Seven California Highway Patrol officers and a nurse have been charged with involuntary manslaughter nearly three years after the in-custody death of a man who was pulled over for a traffic stop in Los Angeles County and repeatedly said “I can’t breathe” before losing consciousness.
Edward Bronstein, 38, died on March 31, 2020, after the California Highway Patrol pulled him over while driving on the 5 Freeway in Burbank for suspicion of driving under the influence, prosecutors said.
He was taken into custody and brought to CHP’s Altadena Station, where officers attempted to take a blood sample. Six officers are accused of forcing Bronstein to the ground handcuffed and pinning him down by pressing their knees on his legs and neck while his blood was drawn, according to prosecutors. Bronstein repeatedly told officers he could not breathe before becoming unresponsive as the blood draw continued, body camera footage of the incident shows.
According to prosecutors, officers attempted CPR more than 13 minutes after Bronstein became unresponsive, but the father of five was later pronounced dead.
The criminal charges come after a “thorough review” of the incident, Los Angeles County District Attorney George Gascón said during a press briefing Wednesday.
“These officers had a legal duty to Mr. Bronstein,” Gascón said. “We believe that they failed their duty, and their failure was criminally negligent, causing his death.”
“Police accountability is essential to public safety,” he continued.
A sergeant and six officers were charged with one count each of involuntary manslaughter and one count of assault by an officer. Those charged were identified by the district attorney’s office as Dionisio Fiorella, 39; Michael Little, 57; Dustin Osmanson, 41; Darren Parsons, 48; Diego Romero, 35; Justin Silva, 30, and Marciel Terry, 32. They each face a maximum sentence of four years and eight months in prison if convicted, prosecutors said.
ABC News was unable to reach the officers for comment.
The registered nurse who did the blood draw, identified as 42-year-old Arbi Baghalian, was also charged with involuntary manslaughter. He faces a maximum sentence of four years in prison if convicted, prosecutors said.
John Kelly, an attorney for Baghalian’s employer, Vital Medical, told The Associated Press in a statement: “I believe it is outrageous and irresponsible for the DA to charge a Registered Nurse (who was present to take a legal blood draw) with involuntary manslaughter.”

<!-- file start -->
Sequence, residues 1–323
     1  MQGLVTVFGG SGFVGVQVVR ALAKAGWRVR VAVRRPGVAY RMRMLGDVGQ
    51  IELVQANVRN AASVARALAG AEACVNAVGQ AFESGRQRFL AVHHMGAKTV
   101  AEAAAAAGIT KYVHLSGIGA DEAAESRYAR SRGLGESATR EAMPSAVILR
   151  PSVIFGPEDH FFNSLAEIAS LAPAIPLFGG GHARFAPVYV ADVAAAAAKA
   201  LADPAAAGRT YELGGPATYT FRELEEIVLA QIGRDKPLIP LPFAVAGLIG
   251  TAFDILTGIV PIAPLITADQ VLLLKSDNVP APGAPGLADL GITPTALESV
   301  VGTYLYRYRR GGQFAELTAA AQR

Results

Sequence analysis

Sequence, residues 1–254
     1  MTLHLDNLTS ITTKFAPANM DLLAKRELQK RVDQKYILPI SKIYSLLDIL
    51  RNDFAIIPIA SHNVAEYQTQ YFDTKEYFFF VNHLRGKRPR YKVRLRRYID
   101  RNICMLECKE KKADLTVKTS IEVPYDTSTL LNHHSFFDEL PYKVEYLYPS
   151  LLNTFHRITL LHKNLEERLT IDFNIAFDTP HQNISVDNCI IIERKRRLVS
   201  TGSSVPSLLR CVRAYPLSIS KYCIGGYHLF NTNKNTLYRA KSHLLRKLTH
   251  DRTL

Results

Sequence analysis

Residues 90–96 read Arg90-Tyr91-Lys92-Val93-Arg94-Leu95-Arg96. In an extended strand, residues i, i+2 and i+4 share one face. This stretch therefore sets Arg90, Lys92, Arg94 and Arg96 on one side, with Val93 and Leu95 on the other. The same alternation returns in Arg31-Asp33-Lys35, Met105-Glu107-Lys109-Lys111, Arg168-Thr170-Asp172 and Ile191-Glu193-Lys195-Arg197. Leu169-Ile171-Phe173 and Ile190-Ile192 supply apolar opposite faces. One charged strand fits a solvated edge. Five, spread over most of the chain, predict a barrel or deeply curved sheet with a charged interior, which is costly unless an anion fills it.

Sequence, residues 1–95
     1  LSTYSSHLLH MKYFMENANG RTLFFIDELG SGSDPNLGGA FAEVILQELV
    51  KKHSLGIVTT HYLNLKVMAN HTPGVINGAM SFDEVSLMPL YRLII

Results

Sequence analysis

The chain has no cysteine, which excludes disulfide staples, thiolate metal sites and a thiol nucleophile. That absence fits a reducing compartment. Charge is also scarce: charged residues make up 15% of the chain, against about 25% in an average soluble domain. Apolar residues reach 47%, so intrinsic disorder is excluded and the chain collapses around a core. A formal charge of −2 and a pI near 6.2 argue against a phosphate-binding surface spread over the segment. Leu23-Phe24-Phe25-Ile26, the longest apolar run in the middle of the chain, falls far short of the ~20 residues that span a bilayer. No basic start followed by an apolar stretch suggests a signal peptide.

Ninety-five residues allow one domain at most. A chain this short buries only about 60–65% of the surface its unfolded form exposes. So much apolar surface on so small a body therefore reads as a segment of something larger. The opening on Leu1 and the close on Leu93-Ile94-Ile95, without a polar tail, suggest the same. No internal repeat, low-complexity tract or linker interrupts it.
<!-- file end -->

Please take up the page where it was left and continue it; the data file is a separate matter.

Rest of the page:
“I am not aware of anyone who has opined that the nurse’s conduct in any way caused or contributed to this unfortunate death,” Kelly said, according to The AP.
An arraignment date has not been set, the district attorney’s office said.
In a statement to Los Angeles ABC station KABC, CHP Commissioner Sean Duryee said he is “saddened that Mr. Bronstein died while in our custody and care.”
“Any death in custody is a tragedy that we take with utmost seriousness,” Duryee said in the statement. “I recognize this case will now move through the court system, and I respect the judicial process.”
Body camera footage from Bronstein’s death was released last year as part of the family’s lawsuit against CHP filed in November 2020.
Prosecutors played the 18-minute footage Wednesday while announcing the charges in the case, with Gascón warning it is “extremely graphic.”
“What ensued is difficult to watch and hear, as Mr. Bronstein pleads for his life,” Gascón said. “Mr. Bronstein screams ‘I can’t breathe’ over and over, and pleads for help, while officers continue to restrain him, and even demanding that he stop yelling.”
“Mr. Bronstein’s shrieks get softer until he is silent,” he continued.
Bronstein’s death came two months before George Floyd’s killing at the hands of Minneapolis police. Floyd was also heard repeating “I can’t breathe” in disturbing footage of the incident.
In an autopsy provided by the lawyer for Bronstein’s family, the LA coroner’s office ascribed his death to acute methamphetamine intoxication during restraint by law enforcement but wrote the manner of death was undetermined.
Bronstein’s father, Edward Tapia, said he was “glad” charges were brought over his son’s death, adding, “I think when you see the video you’ll understand.”
“What happened is just something I can’t bear with yet, even now,” he said during Wednesday’s press briefing. “I miss my son so much.”
The incident remains under investigation by CHP, prosecutors said. The sergeant and officers have been placed on administrative leave due to the charges, KABC reported.
ABC News did not immediately receive a response from the California Association of Highway Patrolmen, the union that represents CHP officers, for comment.
ABC News’ Adisa Hargett-Robinson and Miles Cohen contributed to this report.